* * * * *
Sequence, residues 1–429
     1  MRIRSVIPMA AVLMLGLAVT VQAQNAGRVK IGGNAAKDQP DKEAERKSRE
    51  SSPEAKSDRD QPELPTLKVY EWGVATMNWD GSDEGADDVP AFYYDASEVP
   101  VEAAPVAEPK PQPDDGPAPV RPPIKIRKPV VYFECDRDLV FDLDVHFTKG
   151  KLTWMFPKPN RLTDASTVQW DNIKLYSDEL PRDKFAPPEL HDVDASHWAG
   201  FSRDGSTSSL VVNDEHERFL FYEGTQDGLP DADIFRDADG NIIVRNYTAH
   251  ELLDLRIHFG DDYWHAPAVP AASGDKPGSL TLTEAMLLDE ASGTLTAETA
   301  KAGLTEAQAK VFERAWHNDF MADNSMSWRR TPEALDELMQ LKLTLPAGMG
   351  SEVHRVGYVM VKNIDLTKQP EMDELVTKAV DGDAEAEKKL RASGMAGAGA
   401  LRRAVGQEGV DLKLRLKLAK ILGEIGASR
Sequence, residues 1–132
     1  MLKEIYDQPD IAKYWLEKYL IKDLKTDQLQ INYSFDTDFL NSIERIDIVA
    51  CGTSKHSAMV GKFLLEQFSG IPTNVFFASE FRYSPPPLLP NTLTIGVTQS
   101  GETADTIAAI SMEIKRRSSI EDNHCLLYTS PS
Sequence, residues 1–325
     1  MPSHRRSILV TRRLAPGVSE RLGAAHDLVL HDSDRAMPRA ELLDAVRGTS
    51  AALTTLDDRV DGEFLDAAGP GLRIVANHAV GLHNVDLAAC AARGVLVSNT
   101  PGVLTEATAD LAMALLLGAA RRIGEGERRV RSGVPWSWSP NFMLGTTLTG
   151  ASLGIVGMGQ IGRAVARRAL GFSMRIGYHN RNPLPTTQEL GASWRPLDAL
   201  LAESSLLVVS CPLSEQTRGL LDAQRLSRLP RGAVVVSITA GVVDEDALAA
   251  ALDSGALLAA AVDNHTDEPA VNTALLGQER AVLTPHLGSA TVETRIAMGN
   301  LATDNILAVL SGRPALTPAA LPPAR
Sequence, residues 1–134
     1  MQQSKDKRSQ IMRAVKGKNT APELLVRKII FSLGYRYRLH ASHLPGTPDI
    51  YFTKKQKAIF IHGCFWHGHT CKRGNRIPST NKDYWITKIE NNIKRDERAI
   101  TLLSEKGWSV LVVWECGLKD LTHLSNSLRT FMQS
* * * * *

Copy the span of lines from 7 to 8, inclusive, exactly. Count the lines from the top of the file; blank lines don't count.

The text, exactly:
   251  ELLDLRIHFG DDYWHAPAVP AASGDKPGSL TLTEAMLLDE ASGTLTAETA
   301  KAGLTEAQAK VFERAWHNDF MADNSMSWRR TPEALDELMQ LKLTLPAGMG